To better understand how this product works, we must first discuss why condensation and dripping happen in the first place. When atmospheric conditions reach the dew point, air contains the maximum amount of moisture it can retain at its temperature. This is known as 100% relative humidity. Since cool air is unable to retain as much moisture as warm air, any drop in temperature from contact with a cooler surface essentially “wrings” the moisture out of the air. This is why fogging (condensation) is caused by the warm, moist air in our breath hitting a colder pane of glass. As the glass cools the warm, moist air contacting it, the moisture in our breath is “wrung” out.

As noted above, where warm air meets cool surfaces, the moisture in this air will often condense to the surface and form droplets. When exterior air cools steel cladding below the building’s interior temperature, the steel can provide this surface. Once condensation begins to take place, the droplets formed will combine as they contact one another, continuing to do so until they are too large to be supported by the liquid’s surface tension. At this point, dripping will occur, essentially raining on the structure’s contents.

Because some people are unaware of this process, many steel roofed post frame building owners are convinced all metal roofing leaks – a make believe ‘fact’ which can deter them from an otherwise superior product as well as cause headaches for both builders and post frame building kit package suppliers. In the past, the solution to this has been to provide a thermal break between the structure’s interior and the steel roofing to isolate the warm moist air inside the building from the underside of the cooler roof steel.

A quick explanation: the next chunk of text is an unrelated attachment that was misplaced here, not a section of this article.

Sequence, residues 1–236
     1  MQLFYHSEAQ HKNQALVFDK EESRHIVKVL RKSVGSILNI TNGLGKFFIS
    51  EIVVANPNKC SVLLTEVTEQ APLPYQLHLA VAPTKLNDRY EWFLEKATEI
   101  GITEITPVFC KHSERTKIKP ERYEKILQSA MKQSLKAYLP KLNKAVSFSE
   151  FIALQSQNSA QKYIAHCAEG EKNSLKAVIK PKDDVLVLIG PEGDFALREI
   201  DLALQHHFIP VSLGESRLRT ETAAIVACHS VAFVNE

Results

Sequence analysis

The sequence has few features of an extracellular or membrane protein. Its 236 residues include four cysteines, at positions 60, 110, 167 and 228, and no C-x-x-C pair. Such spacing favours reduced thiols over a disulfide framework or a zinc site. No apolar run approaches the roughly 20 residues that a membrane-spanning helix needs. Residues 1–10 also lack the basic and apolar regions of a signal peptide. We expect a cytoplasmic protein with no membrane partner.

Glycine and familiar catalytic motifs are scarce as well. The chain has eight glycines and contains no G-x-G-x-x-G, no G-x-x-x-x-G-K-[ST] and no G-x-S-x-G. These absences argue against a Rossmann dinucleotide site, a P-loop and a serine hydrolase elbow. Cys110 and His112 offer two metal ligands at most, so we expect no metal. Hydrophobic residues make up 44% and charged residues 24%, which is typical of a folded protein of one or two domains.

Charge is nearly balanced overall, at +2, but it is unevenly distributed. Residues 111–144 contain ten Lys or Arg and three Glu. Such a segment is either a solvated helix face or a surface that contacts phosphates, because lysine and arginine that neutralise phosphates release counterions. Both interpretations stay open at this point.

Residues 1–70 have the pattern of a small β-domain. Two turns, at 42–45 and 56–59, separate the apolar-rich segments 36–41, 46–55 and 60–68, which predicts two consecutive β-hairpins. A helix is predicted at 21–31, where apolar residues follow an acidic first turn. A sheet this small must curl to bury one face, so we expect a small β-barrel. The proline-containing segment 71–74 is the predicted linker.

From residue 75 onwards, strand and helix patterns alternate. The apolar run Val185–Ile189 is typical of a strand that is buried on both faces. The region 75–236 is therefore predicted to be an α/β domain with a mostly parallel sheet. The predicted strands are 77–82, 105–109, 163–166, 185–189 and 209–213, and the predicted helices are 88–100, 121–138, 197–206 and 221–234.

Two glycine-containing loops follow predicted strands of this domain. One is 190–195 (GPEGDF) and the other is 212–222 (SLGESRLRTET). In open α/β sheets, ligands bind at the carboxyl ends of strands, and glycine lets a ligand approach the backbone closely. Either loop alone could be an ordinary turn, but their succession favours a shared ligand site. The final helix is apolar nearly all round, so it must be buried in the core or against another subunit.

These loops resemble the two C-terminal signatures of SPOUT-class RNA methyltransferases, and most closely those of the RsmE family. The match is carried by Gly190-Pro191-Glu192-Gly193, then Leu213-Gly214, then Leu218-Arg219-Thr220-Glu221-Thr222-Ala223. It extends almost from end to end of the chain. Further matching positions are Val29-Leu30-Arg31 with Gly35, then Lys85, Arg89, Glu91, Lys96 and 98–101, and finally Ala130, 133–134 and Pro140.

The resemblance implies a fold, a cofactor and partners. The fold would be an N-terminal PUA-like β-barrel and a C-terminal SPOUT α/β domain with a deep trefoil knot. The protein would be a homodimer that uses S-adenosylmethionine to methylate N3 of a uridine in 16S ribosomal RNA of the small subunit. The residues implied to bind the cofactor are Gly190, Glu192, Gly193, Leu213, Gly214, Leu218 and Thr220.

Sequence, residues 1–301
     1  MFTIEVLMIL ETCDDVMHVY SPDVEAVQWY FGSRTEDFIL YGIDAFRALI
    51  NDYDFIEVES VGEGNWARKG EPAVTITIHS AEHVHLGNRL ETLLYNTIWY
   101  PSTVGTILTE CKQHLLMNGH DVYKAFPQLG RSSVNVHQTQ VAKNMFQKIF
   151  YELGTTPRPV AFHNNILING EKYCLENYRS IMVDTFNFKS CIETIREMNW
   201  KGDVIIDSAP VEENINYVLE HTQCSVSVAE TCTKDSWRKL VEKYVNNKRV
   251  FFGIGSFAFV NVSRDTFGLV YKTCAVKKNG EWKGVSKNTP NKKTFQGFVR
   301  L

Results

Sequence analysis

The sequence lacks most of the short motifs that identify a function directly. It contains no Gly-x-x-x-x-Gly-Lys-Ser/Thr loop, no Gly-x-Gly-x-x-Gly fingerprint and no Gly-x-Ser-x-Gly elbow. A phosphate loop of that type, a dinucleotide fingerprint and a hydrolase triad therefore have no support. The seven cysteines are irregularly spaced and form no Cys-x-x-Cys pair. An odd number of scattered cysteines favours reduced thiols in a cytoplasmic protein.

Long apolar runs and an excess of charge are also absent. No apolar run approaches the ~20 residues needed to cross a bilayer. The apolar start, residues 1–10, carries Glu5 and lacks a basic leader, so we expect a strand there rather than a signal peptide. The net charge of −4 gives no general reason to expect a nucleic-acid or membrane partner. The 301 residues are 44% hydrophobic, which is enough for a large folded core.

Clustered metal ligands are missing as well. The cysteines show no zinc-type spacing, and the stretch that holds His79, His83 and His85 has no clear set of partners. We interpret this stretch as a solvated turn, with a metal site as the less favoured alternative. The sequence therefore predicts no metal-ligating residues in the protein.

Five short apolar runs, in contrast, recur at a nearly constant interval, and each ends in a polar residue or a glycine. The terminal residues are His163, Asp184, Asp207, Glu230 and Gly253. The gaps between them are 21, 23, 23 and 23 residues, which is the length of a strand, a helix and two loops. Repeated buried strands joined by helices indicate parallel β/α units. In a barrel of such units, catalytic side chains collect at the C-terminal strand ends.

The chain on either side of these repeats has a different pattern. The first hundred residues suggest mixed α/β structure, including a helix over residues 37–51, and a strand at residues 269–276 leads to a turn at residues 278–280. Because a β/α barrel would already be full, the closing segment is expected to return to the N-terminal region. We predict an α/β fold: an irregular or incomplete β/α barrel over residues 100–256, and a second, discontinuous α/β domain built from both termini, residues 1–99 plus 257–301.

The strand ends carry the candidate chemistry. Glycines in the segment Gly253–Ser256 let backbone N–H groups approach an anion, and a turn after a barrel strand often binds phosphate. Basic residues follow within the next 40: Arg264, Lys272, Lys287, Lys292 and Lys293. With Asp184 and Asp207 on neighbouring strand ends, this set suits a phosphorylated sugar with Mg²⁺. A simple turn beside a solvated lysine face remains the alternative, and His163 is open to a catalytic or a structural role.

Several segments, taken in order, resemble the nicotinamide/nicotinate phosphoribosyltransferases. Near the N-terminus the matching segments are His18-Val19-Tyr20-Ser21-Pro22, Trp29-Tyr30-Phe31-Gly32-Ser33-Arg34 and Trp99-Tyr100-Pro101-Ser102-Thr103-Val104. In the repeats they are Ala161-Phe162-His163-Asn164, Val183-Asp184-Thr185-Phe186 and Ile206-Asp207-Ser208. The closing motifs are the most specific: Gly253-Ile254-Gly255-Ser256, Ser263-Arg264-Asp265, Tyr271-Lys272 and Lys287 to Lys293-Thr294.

In theory, this is an excellent idea. In practice, it requires additional inventory and a large amount of additional labor. Meanwhile, the steel roofing waits to be installed. These problems are compounded by the fact barrier products are generally hard to handle and install in even mildly inclement weather.

Steel roofing with I.C.C. eliminates these delays, reduces inventory and simplifies construction without sacrificing drip-preventing performance.

The core of I.C.C. is a polyester fleece. When this material is adhered to steel panels, it greatly increases the surface area from moisture to cling to after condensing. The fleece provides hundreds of fibers per square inch for droplets to stick to, thereby greatly increasing the “grip” they have on the interior of the cladding. Because of this, a twelve foot panel can retain over half a gallon of condensed moisture.

 Steel roofing with I.C.C. is well suited for a wide variety of applications. Similar products have been available for over 15 years in Europe and have provided successful service on every continent and in nearly every climate in countless applications. Steel roofing with I.C.C. is well suited for self-storage, animal confinement, garages, grain storage, car ports, barns, aircraft hangars, stadiums and literally any other place where condensation and drip prevention are of concern.

The I.C.C. fabric requires contact with air to function properly, therefore it is not recommended for closed-decking applications. Also, it is not meant to function as insulation due to its low R-value.

In closed wall applications, any edges exposed to the exterior of a structure (i.e. the eaves), should be sealed to prevent moisture from seeping into the structure through the fabric.

The additional thickness of the I.C.C. fabric changes the roll-forming characteristics of steel panels, giving panels a slight “barrel-roll”. This effect is limited to an inch of curl up at the sides when the panel lays color up on a flat surface and provides no additional challenges for installation. Another effect is the reduction of smoothness at all bends in the panel. Again, this has no effect on performance of either panel or fabric. The barrel-roll is imperceptible after installation and the bend texture is indiscernible at distances greater than an arm’s length.